Still, even with this context in mind — context that played a part in Dugdale's decision to rob Russborough House — the docuseries suggests that the Beits were unfairly targeted and worthy of the utmost respect. Ironside takes specific issue with the way Dugdale and her crew treated the aristocrats, who were tied up and pistol-whipped as other IRA members secured the valuable paintings. "Rose described, apparently, that they gave them a 'clattering,'" she says. "A nasty phrase. They didn't deserve to be 'clattered.'"
Raymond Keaveney, the former director of The National Gallery of Ireland, goes so far as to say that Dugdale "abus[ed] something that belongs to everybody" by stealing paintings by Vermeer, Goya, and Rubens, among other masterpieces. But that sentiment ignores the obvious fact that the paintings were only accessible to the Beits and their upper-crust guests (even if Keaveney says they had discussed moving their collection to the National Gallery); it wasn't until four years after the heist that Russborough House and its valuable collection were opened to the public. And if someone must be condemned for "robbing the people," there's a strong case to be made that the Beit family did exactly that by amassing their wealth on the backs of African laborers.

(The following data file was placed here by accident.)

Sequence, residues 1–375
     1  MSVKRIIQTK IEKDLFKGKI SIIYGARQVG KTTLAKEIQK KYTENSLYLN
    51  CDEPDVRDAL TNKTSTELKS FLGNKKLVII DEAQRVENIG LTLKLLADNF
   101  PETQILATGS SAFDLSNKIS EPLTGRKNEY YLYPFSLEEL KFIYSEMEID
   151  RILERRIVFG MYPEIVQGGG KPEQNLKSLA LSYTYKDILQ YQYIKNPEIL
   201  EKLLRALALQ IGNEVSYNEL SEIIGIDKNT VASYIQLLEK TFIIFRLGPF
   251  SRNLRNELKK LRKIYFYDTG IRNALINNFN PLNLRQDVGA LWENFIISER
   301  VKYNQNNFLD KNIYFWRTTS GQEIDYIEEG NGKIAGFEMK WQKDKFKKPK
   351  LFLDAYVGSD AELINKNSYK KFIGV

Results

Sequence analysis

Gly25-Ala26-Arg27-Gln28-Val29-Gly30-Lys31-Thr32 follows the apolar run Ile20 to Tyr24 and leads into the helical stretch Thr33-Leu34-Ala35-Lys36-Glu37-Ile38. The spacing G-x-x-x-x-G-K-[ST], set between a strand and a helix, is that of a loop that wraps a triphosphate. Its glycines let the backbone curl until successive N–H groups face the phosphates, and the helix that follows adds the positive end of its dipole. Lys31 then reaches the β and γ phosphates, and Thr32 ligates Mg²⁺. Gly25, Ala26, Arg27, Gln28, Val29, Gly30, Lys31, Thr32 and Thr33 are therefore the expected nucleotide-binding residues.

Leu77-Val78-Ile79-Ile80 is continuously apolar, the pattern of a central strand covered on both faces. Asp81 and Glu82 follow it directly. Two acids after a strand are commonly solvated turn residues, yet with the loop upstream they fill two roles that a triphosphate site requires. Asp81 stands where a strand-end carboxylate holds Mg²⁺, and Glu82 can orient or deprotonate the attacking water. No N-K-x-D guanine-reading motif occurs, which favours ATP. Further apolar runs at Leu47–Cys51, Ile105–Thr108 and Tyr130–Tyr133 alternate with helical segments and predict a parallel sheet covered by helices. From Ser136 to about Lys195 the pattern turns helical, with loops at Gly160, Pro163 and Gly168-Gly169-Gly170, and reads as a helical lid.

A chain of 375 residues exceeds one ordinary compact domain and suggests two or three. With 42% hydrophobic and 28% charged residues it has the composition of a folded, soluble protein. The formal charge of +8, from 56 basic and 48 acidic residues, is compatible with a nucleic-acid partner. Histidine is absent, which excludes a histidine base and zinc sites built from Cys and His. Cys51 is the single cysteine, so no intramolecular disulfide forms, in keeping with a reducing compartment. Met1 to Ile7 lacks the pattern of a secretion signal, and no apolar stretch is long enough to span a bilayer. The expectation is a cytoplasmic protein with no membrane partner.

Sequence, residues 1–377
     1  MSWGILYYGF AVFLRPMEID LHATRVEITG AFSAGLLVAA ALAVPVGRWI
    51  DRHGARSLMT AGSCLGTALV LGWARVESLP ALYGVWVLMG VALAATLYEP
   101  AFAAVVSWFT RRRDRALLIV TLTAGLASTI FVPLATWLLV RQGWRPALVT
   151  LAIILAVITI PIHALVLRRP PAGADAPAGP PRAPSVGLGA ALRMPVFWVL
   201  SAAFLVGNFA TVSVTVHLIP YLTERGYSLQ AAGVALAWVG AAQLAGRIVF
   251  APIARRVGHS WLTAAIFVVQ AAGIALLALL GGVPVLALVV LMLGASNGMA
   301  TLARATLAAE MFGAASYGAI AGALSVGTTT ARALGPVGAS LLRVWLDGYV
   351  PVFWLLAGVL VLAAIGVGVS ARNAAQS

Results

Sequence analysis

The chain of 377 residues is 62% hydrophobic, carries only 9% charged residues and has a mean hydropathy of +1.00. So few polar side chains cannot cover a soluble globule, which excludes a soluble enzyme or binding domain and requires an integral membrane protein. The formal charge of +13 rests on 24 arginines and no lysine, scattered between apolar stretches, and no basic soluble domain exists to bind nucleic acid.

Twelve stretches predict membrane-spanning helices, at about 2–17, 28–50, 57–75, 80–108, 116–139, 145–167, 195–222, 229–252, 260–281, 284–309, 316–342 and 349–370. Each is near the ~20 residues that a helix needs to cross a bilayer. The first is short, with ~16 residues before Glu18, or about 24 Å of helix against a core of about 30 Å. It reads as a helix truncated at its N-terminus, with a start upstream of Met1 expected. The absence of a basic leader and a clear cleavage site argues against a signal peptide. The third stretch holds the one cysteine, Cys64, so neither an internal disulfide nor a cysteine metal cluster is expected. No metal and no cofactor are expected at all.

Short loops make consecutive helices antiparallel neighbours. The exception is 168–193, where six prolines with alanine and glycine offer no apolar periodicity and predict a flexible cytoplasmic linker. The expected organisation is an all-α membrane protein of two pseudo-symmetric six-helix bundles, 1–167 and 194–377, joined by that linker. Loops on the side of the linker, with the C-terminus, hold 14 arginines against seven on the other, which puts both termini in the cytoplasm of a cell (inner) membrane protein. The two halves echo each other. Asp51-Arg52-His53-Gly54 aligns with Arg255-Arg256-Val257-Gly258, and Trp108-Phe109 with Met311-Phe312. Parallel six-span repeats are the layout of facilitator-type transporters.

By the final episode, The Heiress and the Heist tips its hand as it implicitly aligns itself with the wealthy, conservative voices in the conflict taking place in Ireland at the time. After recapping the aftermath of the heist, including Dugdale's arrest and Gallagher's subsequent attempt to secure her release by kidnapping Dutch businessman Tiede Herrema, the docuseries turns to the question of Dugdale's legacy. Notably, Harvey allows his British subjects to monopolize the conversation, and their remarks lend credence to the reactionary position that direct action is somehow uncivil or undignified. As Currie says, "To be so casual about human life in the way that she was, in favor of a cause that had different ways of resolving it, more peaceful ways, that suggests quite a warped personality."
Rose Dugdale was by no means a saint, but her story still deserves to be told in a way that reflects her true motivations. Instead, The Heiress and the Heist adopts a capitalist, anti-republican framing, presenting her experiences from the perspective of the establishment she fought so hard to tear down. The result is a true-crime docuseries that sorely misunderstands its subject, rendering the entire project void.
The Heiress and the Heist is available to stream on Sundance Now and AMC+.
Claire Spellberg Lustig is the Senior Editor at Primetimer and a scholar of The View. Follow her on Twitter at @c_spellberg.